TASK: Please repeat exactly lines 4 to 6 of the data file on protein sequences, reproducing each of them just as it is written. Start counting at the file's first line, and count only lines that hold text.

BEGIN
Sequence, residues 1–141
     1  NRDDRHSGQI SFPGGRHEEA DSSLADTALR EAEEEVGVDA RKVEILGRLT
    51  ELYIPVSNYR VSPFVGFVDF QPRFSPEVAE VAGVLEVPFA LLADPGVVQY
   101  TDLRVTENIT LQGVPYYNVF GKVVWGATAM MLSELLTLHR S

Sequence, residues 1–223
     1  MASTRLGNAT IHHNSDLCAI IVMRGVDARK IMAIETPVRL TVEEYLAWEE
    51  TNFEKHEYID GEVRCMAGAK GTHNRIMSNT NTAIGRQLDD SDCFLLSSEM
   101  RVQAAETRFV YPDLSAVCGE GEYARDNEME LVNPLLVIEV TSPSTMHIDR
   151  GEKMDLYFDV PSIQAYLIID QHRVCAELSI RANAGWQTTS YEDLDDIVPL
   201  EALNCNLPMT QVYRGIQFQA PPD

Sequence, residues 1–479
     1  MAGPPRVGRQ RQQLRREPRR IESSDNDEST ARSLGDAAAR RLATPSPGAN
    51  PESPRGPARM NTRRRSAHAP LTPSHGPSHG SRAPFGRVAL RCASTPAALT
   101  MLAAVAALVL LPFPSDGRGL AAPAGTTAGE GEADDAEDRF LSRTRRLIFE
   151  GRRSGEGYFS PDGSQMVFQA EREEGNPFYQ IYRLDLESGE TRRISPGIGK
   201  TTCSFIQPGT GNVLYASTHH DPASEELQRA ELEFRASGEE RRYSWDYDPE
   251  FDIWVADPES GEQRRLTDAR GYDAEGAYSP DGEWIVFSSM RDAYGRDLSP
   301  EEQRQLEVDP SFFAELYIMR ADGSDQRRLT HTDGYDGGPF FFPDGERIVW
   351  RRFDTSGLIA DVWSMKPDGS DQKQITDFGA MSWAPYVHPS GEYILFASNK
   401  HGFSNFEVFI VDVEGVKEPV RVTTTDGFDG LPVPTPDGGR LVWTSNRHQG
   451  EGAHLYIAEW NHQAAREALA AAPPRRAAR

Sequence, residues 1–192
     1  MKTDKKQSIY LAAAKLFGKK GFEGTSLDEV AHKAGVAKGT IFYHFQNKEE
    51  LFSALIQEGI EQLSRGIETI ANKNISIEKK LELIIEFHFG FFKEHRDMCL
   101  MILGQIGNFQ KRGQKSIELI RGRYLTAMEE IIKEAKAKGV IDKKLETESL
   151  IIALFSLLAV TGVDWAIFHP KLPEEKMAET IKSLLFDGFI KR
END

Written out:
   101  TDLRVTENIT LQGVPYYNVF GKVVWGATAM MLSELLTLHR S

Sequence, residues 1–223
     1  MASTRLGNAT IHHNSDLCAI IVMRGVDARK IMAIETPVRL TVEEYLAWEE